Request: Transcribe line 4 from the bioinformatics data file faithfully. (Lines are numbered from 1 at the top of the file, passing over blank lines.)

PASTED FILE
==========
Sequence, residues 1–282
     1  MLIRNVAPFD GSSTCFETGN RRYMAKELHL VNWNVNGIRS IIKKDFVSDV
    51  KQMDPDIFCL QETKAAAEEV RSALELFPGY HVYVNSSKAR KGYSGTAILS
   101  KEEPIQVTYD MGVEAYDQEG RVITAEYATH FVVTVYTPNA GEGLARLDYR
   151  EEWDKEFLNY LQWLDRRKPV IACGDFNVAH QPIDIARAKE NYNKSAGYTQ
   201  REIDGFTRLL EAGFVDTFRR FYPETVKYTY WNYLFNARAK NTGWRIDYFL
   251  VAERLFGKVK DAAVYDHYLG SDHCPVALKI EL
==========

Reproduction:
   101  KEEPIQVTYD MGVEAYDQEG RVITAEYATH FVVTVYTPNA GEGLARLDYR